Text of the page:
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Chris Turney’s 1912 is an entertaining and beautifully illustrated history of an awe-inspiring subject.
The rivalry between Robert Scott and Roald Amundsen is a familiar story; what fewer people know is that, in 1912, five separate teams were exploring beyond the limits of the known world: Scott for Britain, Amundsen for Norway, Mawson for Australasia, Filchner for Germany and Shirase for Japan. The Antarctic discoveries made by these brave explorers enthralled the world and forever changed the way we understand our planet.
To celebrate the centenary of Mawson’s expedition to Antarctica, Chris Turney will lead a team to retrace his steps. Find out more at ABC Big Ideas.
Chris was also guest of a two-part series on ABC’s Lateline, which you can watch here:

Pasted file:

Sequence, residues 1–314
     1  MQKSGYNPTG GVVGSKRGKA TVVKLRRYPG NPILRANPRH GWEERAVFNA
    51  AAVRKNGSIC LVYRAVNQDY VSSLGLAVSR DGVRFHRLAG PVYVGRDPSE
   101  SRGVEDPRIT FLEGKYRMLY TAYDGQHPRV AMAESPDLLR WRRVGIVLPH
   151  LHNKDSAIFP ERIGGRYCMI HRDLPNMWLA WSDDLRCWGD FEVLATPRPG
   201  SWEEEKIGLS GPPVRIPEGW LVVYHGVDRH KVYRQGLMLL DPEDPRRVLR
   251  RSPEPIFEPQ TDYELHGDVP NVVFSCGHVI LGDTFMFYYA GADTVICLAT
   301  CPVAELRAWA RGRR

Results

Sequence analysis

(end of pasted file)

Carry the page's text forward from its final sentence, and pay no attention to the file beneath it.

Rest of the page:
Other interview highlights:
‘The new David Livingstone.’
‘Hundreds of books have been written about this era of Antarctic exploration, but in telling the gripping, lesser known tales, 1912 is an excellent addition.’
‘Drawing on his own considerable polar experience, historic photographs and journals, [Chris Turney] presents a fascinating story of the men behind the first exploration of Antarctica. A well written and historically important work.’
‘What makes this book of particular interest to those familiar with Antarctic exploration literature is the somewhat unusual (and welcome) fact that it was written by a climate scientist. As a historian of the motivation, events and characters of Antarctic exploration, Professor Turney does a workmanlike job. But as a historian of the science behind the aforementioned he is brilliant.’
‘Turney successfully conveys the heroism and flaws of the early explorers as they challenged the preternatural dangers of Antarctica.’
‘A breathtaking journey into the expeditions, their traumas and dramas, their leaders and achievements…Chris Turney tells a fascinating tale.’